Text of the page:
HOSSEIN ESLAMBOLCHI, AT&T
The irony of AT&T is that the most protean company in telecom is the one that hasn't changed its name in more than 100 years. Drawn and quartered more than once, it has seeped from long-distance into wireless, local exchange and broadband cable (and back). And its most dramatic shape-shifting trick may be yet to come.
These days, while AT&T CEO David Dorman pulls hard to port on the wheel of his Queen Mary, chief technology and information officer Hossein Eslambolchi toils away in the engine room, trying to turn the whole thing inside out. When Eslambolchi — who is also president of AT&T Labs — is done, AT&T will no longer be described as a telco, he said, but as a “software-based, IP-based company.”
AT&T's technological course is aligned with the constellations of Eslambolchi's two most ardent beliefs: “Software is the battleground for the 21st century,” he said, and “IP will eat everything — like Pac-Man.”
Though Eslambolchi's pop culture references are a bit rusty (Pac-Man?), his network is state-of-the-art. AT&T already has MPLS-enabled its ATM core and currently boasts one of the world's biggest IP networks. To equip it for the future, Eslambolchi instituted what he calls a “skill-set transformation” at AT&T Labs over the past two years, stacking its ranks with IP and software experts. And he upended the group's priorities, from an 80% focus on the core of the network to an 80% focus on the network's edge. He also shortened the group's calendar: 80% of its research was previously devoted to long-term strategies (those for which payoff comes five to 10 years down the road), and 20% was focused on the next three years. Today that 20% is still focused on the next three years, but the other 80% is devoted to the next 12 to 18 months.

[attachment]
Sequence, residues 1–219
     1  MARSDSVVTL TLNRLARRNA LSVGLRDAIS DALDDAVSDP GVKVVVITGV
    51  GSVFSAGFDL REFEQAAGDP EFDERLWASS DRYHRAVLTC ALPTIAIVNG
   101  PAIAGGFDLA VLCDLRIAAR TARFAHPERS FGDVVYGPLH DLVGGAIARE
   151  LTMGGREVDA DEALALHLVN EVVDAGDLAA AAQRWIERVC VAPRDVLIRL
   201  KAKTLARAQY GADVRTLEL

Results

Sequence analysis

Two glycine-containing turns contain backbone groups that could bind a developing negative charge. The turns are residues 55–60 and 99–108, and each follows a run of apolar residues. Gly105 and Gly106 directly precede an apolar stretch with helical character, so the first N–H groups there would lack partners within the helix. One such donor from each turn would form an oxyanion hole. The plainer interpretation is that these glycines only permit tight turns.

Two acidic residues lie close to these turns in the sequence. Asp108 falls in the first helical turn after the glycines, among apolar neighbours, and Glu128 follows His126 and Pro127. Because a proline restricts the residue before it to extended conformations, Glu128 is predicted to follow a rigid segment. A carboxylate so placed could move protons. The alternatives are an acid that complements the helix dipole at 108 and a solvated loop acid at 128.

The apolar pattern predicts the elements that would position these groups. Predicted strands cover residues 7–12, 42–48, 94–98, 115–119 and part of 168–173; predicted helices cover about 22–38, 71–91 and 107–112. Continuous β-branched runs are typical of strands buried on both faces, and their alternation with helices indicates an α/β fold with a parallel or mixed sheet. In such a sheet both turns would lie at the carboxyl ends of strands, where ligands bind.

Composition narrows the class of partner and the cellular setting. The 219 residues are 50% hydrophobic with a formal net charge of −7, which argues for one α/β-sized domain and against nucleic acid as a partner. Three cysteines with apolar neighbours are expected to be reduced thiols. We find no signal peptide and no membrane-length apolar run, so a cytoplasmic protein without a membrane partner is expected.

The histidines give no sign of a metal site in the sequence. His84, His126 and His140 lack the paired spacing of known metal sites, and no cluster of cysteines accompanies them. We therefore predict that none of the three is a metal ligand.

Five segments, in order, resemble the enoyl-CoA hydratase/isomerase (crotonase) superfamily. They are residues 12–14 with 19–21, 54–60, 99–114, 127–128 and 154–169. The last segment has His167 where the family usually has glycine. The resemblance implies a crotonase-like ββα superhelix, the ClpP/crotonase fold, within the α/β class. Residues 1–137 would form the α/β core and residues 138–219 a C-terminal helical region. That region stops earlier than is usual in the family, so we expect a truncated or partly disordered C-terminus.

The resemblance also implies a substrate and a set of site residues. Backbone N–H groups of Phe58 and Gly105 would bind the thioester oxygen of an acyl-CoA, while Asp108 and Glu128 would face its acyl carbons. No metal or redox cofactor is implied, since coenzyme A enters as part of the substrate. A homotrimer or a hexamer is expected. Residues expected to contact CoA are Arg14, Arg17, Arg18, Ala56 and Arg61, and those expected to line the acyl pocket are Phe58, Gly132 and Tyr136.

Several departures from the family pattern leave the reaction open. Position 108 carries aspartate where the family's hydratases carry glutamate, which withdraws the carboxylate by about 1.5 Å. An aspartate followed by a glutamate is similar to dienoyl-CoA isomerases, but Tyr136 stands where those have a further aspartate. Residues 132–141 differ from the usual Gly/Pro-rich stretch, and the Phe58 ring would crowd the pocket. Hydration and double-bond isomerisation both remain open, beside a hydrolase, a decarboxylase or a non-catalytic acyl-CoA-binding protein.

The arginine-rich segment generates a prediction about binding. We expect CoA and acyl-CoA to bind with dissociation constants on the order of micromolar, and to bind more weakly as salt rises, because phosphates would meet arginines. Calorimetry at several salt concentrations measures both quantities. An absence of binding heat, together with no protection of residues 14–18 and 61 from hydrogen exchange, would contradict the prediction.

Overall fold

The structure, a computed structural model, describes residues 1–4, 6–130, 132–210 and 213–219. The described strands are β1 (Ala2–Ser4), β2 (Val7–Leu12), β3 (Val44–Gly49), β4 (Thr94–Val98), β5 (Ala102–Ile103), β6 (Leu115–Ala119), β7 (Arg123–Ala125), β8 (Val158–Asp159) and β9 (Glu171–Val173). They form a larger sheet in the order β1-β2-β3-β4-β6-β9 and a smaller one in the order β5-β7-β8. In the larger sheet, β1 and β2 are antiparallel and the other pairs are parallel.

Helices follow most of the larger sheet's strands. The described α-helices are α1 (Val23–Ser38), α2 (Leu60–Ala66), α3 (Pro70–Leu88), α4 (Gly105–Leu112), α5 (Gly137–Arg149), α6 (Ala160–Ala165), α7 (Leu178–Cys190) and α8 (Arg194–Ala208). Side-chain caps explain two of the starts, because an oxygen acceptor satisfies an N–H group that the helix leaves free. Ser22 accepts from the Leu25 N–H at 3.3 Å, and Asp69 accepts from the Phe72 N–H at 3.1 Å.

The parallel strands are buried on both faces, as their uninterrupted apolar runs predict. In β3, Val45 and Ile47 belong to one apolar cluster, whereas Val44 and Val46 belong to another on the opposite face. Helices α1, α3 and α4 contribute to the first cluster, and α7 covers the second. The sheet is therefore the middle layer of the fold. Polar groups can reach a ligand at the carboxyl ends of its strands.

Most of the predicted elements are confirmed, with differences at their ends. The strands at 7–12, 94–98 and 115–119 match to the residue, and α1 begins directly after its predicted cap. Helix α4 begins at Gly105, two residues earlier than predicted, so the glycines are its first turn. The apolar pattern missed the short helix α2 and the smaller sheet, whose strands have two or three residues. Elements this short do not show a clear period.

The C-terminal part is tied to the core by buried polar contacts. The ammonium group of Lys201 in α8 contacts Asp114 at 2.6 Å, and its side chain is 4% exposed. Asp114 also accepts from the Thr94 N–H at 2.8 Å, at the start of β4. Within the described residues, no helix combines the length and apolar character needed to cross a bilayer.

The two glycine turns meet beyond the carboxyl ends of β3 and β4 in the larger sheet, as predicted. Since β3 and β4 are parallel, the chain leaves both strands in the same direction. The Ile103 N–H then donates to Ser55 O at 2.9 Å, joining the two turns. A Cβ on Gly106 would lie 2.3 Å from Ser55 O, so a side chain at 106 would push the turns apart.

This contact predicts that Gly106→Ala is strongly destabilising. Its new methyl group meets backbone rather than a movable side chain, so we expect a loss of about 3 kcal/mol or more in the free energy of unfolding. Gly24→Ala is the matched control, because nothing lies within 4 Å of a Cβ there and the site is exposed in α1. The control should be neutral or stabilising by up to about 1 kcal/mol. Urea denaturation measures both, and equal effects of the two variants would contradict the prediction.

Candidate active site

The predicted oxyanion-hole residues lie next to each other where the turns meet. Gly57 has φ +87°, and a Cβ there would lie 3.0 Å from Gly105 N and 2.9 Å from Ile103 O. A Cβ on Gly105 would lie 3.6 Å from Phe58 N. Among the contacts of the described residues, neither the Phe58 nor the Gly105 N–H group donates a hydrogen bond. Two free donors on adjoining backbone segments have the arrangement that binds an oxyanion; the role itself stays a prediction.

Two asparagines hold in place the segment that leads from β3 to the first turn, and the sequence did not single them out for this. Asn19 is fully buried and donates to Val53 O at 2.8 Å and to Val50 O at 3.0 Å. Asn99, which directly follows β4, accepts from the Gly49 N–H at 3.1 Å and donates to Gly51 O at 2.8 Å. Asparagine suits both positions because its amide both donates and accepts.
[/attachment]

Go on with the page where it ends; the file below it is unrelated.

Despite that present-tense thinking, AT&T may not be moving fast enough to fend off its most immediate threats. It hasn't moved as aggressively into the local exchange as the RBOCs have moved into long-distance, and it hasn't yet launched a competitive voice/DSL bundle. The resulting pressure on its consumer markets has Eslambolchi looking for any technology that will allow AT&T to bypass the Bell local loop and the billions of dollars in access charges that come with it.
“If I find a pigeon that can carry bits between A and B, I'm interested,” he said.
By the time this story is published, AT&T will have picked a vendor for multiservice access devices, said Eslambolchi. In next year's second quarter, it will deploy them. The company will pick a multiservice edge platform before this year's end and deploy it en masse early next year. And this winter, AT&T will deploy a next-generation packet-based digital cross-connect that it has already selected but hasn't yet announced.
The question remains whether technological changes can heal the cracks in the carrier's business, which has seen declining revenues and mounting competition. Rumors circulated this spring that AT&T might look to merge with an RBOC, one potential transformation Eslambolchi won't comment on — except to say, “It's like the law of gravity: The biggest planet wins. We are now like Jupiter. Jupiter always wins.”
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© 2013 Penton Media Inc.
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